Upton School


Before the 1870 Elementary Education Act offered schooling for all it was the churches who led the philanthropic effort to educate the “working classes”. When the Diocese of Oxford was planning a village school at Upton the Government gave a grant but took no other responsibility. From the start Diocesan Inspectors paid regular visits and wrote reports. Later, the HMIs followed suit.

Uneducated England

As far back as 1818 a select committee report on Education of the Lower Orders had described England as “the worst educated country in Europe”. Was this a deliberate policy – in the wake of the French Revolution? Soon, however, the population explosion and humanitarian ideals leading to factory and child labour reforms encouraged the building of numerous church schools in mid-19th century England.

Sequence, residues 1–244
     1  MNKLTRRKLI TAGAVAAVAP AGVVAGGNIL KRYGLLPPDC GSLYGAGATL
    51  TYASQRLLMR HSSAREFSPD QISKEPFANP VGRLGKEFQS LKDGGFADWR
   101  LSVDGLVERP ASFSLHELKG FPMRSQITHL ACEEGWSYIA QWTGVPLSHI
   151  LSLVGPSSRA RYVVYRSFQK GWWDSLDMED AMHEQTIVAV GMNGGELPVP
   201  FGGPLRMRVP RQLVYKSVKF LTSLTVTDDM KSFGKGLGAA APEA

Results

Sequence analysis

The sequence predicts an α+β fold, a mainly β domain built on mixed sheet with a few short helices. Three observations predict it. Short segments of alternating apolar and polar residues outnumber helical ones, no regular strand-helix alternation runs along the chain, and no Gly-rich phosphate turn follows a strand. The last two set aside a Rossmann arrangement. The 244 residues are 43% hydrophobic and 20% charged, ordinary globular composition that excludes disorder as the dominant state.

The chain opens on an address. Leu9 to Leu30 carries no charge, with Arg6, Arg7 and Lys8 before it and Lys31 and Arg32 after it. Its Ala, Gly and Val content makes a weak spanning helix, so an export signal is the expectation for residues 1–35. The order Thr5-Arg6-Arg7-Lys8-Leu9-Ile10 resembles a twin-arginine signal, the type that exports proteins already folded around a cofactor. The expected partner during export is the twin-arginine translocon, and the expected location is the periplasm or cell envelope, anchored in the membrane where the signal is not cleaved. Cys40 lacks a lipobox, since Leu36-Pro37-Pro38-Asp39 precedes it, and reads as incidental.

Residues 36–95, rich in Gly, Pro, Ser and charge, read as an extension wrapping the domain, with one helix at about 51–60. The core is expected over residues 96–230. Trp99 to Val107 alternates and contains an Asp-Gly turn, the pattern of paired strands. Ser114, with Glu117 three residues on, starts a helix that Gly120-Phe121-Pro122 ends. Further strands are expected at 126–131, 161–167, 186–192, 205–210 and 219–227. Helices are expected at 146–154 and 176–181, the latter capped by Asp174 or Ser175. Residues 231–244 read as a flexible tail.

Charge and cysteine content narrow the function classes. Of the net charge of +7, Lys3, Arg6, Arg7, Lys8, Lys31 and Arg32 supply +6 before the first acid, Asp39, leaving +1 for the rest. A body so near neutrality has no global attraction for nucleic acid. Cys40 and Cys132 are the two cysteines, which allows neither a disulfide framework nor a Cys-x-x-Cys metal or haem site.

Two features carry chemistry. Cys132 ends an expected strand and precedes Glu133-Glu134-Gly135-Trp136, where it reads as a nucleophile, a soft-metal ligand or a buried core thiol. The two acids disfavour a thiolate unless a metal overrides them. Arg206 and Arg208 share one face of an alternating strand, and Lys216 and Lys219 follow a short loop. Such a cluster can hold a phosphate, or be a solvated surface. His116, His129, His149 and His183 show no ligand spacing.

The first Rector

In this context, in 1862 the first Rector of the newly created parish of Upton, the Reverend Richard Hooper – whose diaries are in the Berkshire Record Office – persuaded the Church Diocesan Board in Oxford to vote £25 towards the building of a school here “for the education of children and adults or children only of the labouring manufacturing and other poorer classes” (plus £3 for books).

Land for the site was given in trust by Mr. J. Shaw Phillips, an Oxford brewer, who owned three allotments beside Upton church.

Gothic Style